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The Graham Weekly Album Review #1357

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Slaid Cleaves: Wishbone
by George Graham

(Philo 1238 As broadcast on WVIA-FM 3/3/2004)

Singer-songwriters abound on in the 21st Century, 40 years after the rise of the form. Despite a considerable diversity among the thousands of performers plying the trade, a folk-influenced artist singing lyrics that have something to say turns out to be a very rich field with durable appeal. In fact, it has been observed that contrary to the much-noted decline in sales of CDs on the commercial pop music scene, sales by folk-influenced performers have been holding their own quite well -- obviously not being mega hits, but supporting the artists making the music.

This week we have another new release by a singer-songwriter who again proves the depth of the concept, making a memorable recording of literate, often narrative-based songs, that on this CD, also rock out a little. It's the new one by Slaid Cleaves called Wishbone.

Austin, Texas-based Richard Slaid Cleaves has an interesting background. He grew up in a small town in Maine, and already had an interest in music by about age three. He became professional, quote-unquote, in Ireland, busking on the streets between college classes there where he was studying. He was in a rock band called Moxy in the late 1980s around Portland, Maine, before deciding to move to the roots-rock musical hotbed of Austin. By the early 1990s, he was attracting attention and won a songwriter's competition in the Kerrville Folk Festival in 1992. During that time, he released a series of independent recordings, some only available on cassette. During this time, he sustained himself with a variety of jobs, including working as a professional drug test subject, being the guinea pig in the testing of pharmaceuticals under development.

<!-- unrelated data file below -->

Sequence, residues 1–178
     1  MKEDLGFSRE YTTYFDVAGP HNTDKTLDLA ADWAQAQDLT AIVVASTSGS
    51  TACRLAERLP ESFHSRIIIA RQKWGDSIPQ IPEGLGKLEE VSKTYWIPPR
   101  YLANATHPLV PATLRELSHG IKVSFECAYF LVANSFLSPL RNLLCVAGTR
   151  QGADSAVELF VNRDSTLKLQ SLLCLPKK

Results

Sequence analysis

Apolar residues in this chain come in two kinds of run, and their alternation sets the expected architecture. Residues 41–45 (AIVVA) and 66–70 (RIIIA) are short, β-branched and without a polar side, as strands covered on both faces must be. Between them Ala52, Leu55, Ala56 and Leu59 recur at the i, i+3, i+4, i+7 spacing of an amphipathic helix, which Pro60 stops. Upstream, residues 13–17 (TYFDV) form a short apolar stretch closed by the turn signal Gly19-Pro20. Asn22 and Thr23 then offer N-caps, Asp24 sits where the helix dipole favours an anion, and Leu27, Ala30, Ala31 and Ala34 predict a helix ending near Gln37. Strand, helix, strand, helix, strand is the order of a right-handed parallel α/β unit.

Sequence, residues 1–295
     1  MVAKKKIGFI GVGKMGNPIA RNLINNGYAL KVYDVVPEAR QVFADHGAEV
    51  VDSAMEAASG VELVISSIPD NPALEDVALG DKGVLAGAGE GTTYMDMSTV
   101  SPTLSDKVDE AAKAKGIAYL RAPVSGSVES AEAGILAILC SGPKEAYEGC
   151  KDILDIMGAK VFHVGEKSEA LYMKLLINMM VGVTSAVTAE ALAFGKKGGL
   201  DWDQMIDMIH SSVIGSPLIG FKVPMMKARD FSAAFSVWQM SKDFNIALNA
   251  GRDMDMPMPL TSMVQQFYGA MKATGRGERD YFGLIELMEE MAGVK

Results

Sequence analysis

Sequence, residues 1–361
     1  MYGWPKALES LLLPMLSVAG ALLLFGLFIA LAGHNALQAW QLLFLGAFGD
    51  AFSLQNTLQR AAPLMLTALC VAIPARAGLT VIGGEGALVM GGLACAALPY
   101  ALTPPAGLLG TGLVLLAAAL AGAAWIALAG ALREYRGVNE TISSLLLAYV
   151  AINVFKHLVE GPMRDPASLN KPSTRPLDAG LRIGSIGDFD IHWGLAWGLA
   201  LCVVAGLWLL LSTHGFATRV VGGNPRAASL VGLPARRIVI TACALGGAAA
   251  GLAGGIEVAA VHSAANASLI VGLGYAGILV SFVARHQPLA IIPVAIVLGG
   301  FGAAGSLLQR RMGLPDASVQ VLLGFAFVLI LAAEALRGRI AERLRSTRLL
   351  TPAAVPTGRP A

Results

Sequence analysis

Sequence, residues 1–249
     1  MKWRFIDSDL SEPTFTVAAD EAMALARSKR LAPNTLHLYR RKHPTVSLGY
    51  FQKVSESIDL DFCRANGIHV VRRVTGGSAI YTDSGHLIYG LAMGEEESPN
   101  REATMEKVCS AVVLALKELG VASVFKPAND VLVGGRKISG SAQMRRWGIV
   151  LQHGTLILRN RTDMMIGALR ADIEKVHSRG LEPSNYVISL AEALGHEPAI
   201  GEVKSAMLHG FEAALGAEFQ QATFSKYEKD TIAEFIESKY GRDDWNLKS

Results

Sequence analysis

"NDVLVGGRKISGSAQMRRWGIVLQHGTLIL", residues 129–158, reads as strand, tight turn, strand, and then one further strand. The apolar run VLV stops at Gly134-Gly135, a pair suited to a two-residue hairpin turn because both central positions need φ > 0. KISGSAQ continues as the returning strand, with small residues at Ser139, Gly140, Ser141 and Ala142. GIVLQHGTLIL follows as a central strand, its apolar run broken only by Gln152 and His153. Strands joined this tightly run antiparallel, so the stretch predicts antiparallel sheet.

He made his national recording debut in 1996 with No Angel Knows, and followed that up four years later with Broke Down in 2000, an outstanding recording we spotlighted in this series. Now, after another four years, Cleaves is out with Wishbone, and it is a conscious attempt to rock out more. While he came to attention as an acoustic folkie-type, friends and fans were urging him to crank it up some and go more electric. So he has on the new CD, taking a more plugged-in approach to his music, and assuming an almost honky-tonk style country-rock sound on many of the tracks. But though Cleaves and his band can rock, he remains a great storyteller in song, with some real gems on the CD about an intriguing cast of mostly down-and-out characters. But he can also sound like the country rock bar-singer who writes about love and drinking.

Once again Austin producer Gurf Morlix was at the helm in the studio, as he was for Cleaves' last two recordings. The regular band includes Morlix on the bass and Rick Richards on the drums. Making occasional appearances is Ian "Mac" McLagan, British native and former member of the Small Faces and Bonnie Raitt's band. His is also a return appearance, after being a part of Cleaves' last album. Also in keeping with the pattern of his previous release, there are songs that are collaborations between Cleaves and others, including veteran songwriter Wylie Hubbard. And he also includes one non-original song.